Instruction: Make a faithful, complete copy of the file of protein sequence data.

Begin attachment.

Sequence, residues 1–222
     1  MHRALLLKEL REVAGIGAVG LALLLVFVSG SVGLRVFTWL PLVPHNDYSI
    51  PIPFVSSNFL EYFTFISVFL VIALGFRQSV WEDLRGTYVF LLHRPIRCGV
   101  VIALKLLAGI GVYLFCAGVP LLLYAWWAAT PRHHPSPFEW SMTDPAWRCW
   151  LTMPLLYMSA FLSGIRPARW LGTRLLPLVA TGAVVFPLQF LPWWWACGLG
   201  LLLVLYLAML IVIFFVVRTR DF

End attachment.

Sequence, residues 1–222
     1  MHRALLLKEL REVAGIGAVG LALLLVFVSG SVGLRVFTWL PLVPHNDYSI
    51  PIPFVSSNFL EYFTFISVFL VIALGFRQSV WEDLRGTYVF LLHRPIRCGV
   101  VIALKLLAGI GVYLFCAGVP LLLYAWWAAT PRHHPSPFEW SMTDPAWRCW
   151  LTMPLLYMSA FLSGIRPARW LGTRLLPLVA TGAVVFPLQF LPWWWACGLG
   201  LLLVLYLAML IVIFFVVRTR DF